I walked on Spanish Beach with Kemper and Anna, among the seaweed and the granite outcroppings, where Kemper stacked stones in little cairns as if to say “I’ve been here, and I was industrious.”  He was first to spot the two crows babbling amongst themselves, perhaps about the fires, and perhaps about the little visitor approaching without caution.  They hopped from place to place, not quite flying though propelled by their charcoal wings, themselves dappled with ash.  They settled on a low stone, glancing at us with queerly knowing eyes, whose whole blackness belied the sentience behind them.

I told Kemper to slow, to admire the birds before he scared them to flight.  He stopped, perhaps as intrigued as they were.  I told him that they had been known to drop nuts on the street so that passing cars could crush them, only to swoop down and pick up the fresh meats from the cracked shells.

In his small universe, these two were the birds that I spoke of.  Not those crows in Japan that had learned this behavior.  But I understood then, that this beach, these rocks, these crows—these were his universe.  These crows were the only oddities that his four-year-old imagination could process at the time.  The sky was smoky in and of itself, like a chthonic deity.  There need be no fires, only smoke.  There need be no other crows, only these.

As we walked away, careful to keep a wide radius from the crows, they continued to look at us, their heads panning ever so slightly as we passed.  The crows will still be there, as they are in this photograph and in his mind, fixed in eternity, a memory of a distant beach on a foreign coast, until he sees the next pair of crows flitting about the shortleaf pines in his backyard, wondering how they made the journey but ever grateful that they made it for him.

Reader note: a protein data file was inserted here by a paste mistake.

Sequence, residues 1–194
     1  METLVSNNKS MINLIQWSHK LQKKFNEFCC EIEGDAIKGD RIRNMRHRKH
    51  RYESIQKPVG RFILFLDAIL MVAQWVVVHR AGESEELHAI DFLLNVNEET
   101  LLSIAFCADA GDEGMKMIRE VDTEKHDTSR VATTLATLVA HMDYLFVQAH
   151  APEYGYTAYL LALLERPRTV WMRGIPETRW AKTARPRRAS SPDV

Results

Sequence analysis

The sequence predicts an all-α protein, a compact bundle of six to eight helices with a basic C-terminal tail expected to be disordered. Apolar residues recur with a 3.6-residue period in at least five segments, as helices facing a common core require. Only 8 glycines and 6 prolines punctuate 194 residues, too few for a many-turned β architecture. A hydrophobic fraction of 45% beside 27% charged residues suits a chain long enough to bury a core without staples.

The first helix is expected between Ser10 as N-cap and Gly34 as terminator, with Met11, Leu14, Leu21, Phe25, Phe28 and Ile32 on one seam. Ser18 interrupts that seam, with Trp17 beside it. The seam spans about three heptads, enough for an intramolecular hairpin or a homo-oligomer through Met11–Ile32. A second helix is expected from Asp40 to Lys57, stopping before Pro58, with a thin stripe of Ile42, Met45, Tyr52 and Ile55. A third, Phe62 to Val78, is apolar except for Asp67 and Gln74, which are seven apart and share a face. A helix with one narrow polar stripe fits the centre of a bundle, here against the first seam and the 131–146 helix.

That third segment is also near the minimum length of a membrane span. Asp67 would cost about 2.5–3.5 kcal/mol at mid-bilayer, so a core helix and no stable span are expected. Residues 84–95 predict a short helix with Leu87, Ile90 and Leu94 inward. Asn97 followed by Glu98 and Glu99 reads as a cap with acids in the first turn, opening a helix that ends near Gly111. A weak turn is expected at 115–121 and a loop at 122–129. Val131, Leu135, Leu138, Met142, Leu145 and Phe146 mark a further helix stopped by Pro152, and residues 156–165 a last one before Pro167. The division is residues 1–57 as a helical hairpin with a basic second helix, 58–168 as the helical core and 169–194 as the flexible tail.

Setting Out in a New Direction

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I haven’t posted in a while, and for that I apologize.  I have been happily consumed with my first love, which is writing.  Although photography is a deep passion of mine, I have been a writer since I was eight and turned in a fourteen-page, typewritten draft of a story to my third-grade teacher, Mrs. Gibbs, when everyone else was struggling to get a page written.  She gave me a gold folder to keep my stories in, and I have it to this day.  I have listened to countless books on tape on my long drive into work, including a few volumes of short stories including a brilliant anthology entitled Florida, by Lauren Groff.  I highly recommend it.

In reading all of these stories, I was bitten hard by the writing bug.  In the last few weeks, I have written a longer one and a shorter one, and I have submitted the shorter one for publication in a few journals and magazines.  Now we wait…

The title of this blog post is perhaps a bit melodramatic.  It is my intention that the new posts will be a bit more literary, and in most cases less (directly) personally confessional.  I have always been inspired by my photographs, which is the purpose of this blog, and so this is a natural next step.  You will see photographs that you seen before, but hopefully the new narratives will give them a new perspective.